It’s March 2013, and Kyoto Animation has dropped a new 30-second advertisement. Unlike the regular shorts that showcase the studio’s animation and feature petite girls, it focuses on four swimsuit-clad boys cavorting by the pool. In just 48 hours, this short, dubbed the “Swimming Anime” spreads throughout the anime community like wildfire, with its own fanfiction, AMVs, and even a petition by Crunchyroll to have an anime released. Lo and behold, only a few short months later, Kyoto Animation releases a full-length series featuring those same swimmers titled Free! – Iwatobi Swim Club.
I didn’t experience it for myself until a few years later, when the sequel series Eternal Summer was airing. Once I caved to the show’s immense popularity and watched it in its entirety, I too came to understand what the hype was about. As a teenager, I was enamored with these beautiful boys and the melodrama surrounding them. It became my comfort anime, as I found it to be a fun and relaxing watch during those bad days. Re-watching the anime as an adult, however, made me realize that the show that brought me such comfort over the years has quite a few things amiss.
Free! is about Nanase Haruka, a cool and quiet sixteen-year-old boy who loves swimming so much he bathes in his swimsuit and takes his clothes off the moment he sees a body of water large enough to swim in. After falling out with his friend and rival Matsuoka Rin in middle school, Haruka quit competitive swimming while Rin left to study abroad in Australia. As Haru and his best friend Tachibana Makoto enter their second year of high school, they encounter a familiar face: Hazuki Nagisa, a teammate from their elementary school swim team. After learning that Rin is back in Japan, the two meet again and renew their rivalry. Haruka and his friends must bring back their high school’s swim team so they can compete once more.
One of the biggest gripes I have now with Free! is the amount of fanservice the show throws at you. While the perfectly sculpted muscles of the main male cast is what led to the show’s boom in popularity, it has also caused harm for the show.
The plethora of muscles and the way they are framed has been a turn off for many potential audience members. The camera practically drools as it pans across the butts and abs of the characters as they emerge from the pool, accentuated by beads of water and sparkles. It’s not exactly subtle. For people who aren’t into that, it’s hard to convince that there’s more to the show than abs and pretty boys.
It’s nice to see sports anime such as Run With the Wind get praised for their storytelling and characters, but I wish that Free! could be seen in that light as well. As the story follows them from middle school into university, there’s tons of character growth and competition, and Free! deserves to be taken just as seriously as any other sports series instead of being labelled as nothing but fanservice.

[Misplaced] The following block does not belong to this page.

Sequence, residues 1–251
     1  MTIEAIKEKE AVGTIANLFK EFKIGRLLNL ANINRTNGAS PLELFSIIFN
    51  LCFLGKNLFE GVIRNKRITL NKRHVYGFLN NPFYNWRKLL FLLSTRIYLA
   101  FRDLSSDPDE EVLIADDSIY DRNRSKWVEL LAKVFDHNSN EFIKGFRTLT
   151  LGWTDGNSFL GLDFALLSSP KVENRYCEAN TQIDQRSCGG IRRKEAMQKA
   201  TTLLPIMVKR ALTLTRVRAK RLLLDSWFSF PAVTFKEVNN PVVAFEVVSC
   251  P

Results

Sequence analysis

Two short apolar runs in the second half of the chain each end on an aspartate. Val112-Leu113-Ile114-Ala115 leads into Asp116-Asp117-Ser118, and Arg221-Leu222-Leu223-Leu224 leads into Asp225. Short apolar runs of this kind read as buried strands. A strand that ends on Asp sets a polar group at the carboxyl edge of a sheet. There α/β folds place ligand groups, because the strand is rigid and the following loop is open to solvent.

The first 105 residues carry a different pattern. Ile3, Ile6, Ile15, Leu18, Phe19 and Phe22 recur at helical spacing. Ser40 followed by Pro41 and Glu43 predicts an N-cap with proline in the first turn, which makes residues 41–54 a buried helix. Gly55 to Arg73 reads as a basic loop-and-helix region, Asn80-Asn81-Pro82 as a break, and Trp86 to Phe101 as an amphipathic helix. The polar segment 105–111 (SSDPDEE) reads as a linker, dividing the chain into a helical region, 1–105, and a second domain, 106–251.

It’s not just about the lost viewers, though. In the last few years, character design in sports anime have been moving toward the high school characters that look like actual high schoolers, complete with the awkwardness of adolescence and growth spurts, rather than Olympic-level athletes. For example, Tsurune, a more recent anime also from Kyoto Animation focusing on Japanese archery, has character designs that are much more youthful and accurate to the average teenage body.
As an adult, I can’t help but laugh at the characters’ exaggerated bodies, but at the same time it feels wrong to see high schoolers hyper-sexualized. There’s a scene in the first season where the boys go swimsuit shopping, striking poses that show off their bodies as they try on new suits. It’s meant to be a comedic scene, as their muscle-obsessed, female manager Gou enjoys the display, but the camera also invites the viewer to ogle these minors and their bodies too.
Besides the attractive swimmers, there’s also the homoerotic undertones. On multiple occasions, Free! teases its audience with possible romantic or sexual encounters between its characters, including interrupted CPR, or an arc where they think Rei is acting strange because of a relationship with an old teammate from when he did track. One by one, the show works its way through classic romantic moments: sparkly-eyed kabedon, promises made under a cherry blossom tree, a hotel room with just one bed, so on and so forth. All of these have falsely pandered to the audience for three seasons and counting.
Throughout the show, the characters’ sexual orientations remain ambiguous. In one episode, the rest of the team assumes Rei must have a girlfriend occupying his time, but when they see him talking with a boy, wonder if he has a boyfriend instead. The episode ends without definitively stating Rei’s preferences either way, since it was all a big misunderstanding. In another instance, Rin visits his homestay parents in Australia, and they ask whether he has a girlfriend yet. He doesn’t reply either way, but instead awkwardly stammers out a non-answer. His homestay parents joke that they’ll take that as a no and chalk it up to him being a late bloomer, and move on with the conversation without considering that Rin might not be interested in girls at all.